BoxBot is trying to revolutionize last mile delivery
by Rockwell Sands @

BoxBot Wants to Disrupt Last Mile Delivery

New Toyota AI-backed startup partners with OnTrac to bring automation to the last mile delivery space

More robots are coming! In tandem with competitors like FedEx unveiling their own delivery robots, a new Silicon Valley startup called BoxBot has emerged to disrupt the last mile delivery space.

A Little About BoxBot

BoxBot was founded in 2016 by Austin Oehlerking and Mark Godwin. Both Oehlerking and Godwin are former Uber (NYSE:UBER) and Tesla (NASDAQ:TSLA) engineers. The company has received backing from Toyota AI Ventures, and according to Crunchbase, has raised over $9 million since its inception.

The idea behind BoxBot is to make last mile delivery entirely automated. BoxBot differs from other startups for a few reasons. First and foremost, people who BoxBot services can choose their own delivery times, including nights. Also, BoxBot’s fleet includes both regular vans and electric self-driving vehicles. All of their delivery vans’ compartments are modular, so packages of all sizes can fit inside.

Lastly, BoxBot maintains they will use new software and hardware to sort packages and place them in the perfect spots in their delivery vehicles, further boosting efficiency.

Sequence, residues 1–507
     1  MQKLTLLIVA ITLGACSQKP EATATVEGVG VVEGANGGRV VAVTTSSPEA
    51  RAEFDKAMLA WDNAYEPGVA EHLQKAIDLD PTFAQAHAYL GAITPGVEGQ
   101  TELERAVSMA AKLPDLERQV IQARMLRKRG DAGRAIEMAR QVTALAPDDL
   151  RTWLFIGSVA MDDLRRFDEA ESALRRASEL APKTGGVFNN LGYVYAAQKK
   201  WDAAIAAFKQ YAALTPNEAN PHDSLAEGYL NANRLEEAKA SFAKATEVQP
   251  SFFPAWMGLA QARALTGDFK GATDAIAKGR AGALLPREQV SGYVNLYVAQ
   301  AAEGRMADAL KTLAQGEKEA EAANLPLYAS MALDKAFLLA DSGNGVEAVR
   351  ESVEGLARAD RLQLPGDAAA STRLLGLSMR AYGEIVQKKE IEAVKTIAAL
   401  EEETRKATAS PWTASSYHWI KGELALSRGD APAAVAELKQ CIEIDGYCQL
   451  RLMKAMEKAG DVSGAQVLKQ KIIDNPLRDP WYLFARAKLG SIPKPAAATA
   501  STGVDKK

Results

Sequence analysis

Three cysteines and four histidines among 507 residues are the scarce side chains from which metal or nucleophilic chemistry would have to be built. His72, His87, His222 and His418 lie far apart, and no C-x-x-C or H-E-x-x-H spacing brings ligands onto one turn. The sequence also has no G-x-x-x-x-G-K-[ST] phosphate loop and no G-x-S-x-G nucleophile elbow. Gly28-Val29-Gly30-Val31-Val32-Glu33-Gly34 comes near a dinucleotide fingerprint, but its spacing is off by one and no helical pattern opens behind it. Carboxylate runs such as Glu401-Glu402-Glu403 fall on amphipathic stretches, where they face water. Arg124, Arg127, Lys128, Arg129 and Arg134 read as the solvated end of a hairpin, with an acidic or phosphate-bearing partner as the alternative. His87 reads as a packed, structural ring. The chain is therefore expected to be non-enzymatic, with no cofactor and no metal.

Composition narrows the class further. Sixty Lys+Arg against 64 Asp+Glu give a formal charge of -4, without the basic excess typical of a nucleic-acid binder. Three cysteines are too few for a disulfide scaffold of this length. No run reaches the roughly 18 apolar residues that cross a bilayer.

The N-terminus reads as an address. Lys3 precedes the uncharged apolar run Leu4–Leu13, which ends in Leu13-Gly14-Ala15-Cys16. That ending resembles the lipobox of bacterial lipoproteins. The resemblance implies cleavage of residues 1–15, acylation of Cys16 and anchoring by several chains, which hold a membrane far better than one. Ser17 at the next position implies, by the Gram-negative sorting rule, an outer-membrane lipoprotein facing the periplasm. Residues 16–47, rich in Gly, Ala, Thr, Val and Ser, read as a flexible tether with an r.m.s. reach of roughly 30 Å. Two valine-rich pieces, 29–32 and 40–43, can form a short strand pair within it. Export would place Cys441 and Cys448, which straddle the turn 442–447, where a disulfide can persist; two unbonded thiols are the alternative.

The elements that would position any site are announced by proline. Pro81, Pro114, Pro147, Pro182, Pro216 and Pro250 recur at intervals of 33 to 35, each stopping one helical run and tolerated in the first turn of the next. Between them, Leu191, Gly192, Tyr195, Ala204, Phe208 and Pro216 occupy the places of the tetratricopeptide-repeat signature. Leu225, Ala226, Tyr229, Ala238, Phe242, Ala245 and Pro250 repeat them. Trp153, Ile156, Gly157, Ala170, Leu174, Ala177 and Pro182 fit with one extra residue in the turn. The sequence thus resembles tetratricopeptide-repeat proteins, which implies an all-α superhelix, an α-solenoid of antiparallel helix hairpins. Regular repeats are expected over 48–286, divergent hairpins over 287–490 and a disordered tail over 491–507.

“By leveraging advanced technology, we can deliver a higher number of packages in less time and at a substantially lower cost per package,” BoxBot CEO Austin Oehlerking says.

Testing the Waters With OnTrac

In order to test the delivery process, BoxBot recently announced a partnership with local West Coast carrier OnTrac to deliver parcels to a few select Oakland neighborhoods. If you live in or around Oakland, you might see their orange and blue delivery vehicles roaming the streets!

Last Mile Delivery Still Needs (and Will Need) Human Workers

The last mile, for some shippers, represents dangerous waters. For starters, a good majority of all eCommerce packages travel to urban addresses. Lots of these addresses are in apartment complexes, high-rise towers, and other hard-to-access places. As a result, despite all this new emerging technology, last mile delivery still needs humans in order to get it right.

For example, even the most advanced robots can’t do things like open gates or sidestep a planter on a porch. These little complexities are precisely why delivering packages is—and for the foreseeable future, will be—a very human act. Interestingly enough, BoxBot’s CTO Godwin spoke up on the importance of retaining the human element in last mile delivery.

“That last 50 feet is not going to be automated for a very long time,” he said. “Definitely not in the next five years, probably not in the next 10.”

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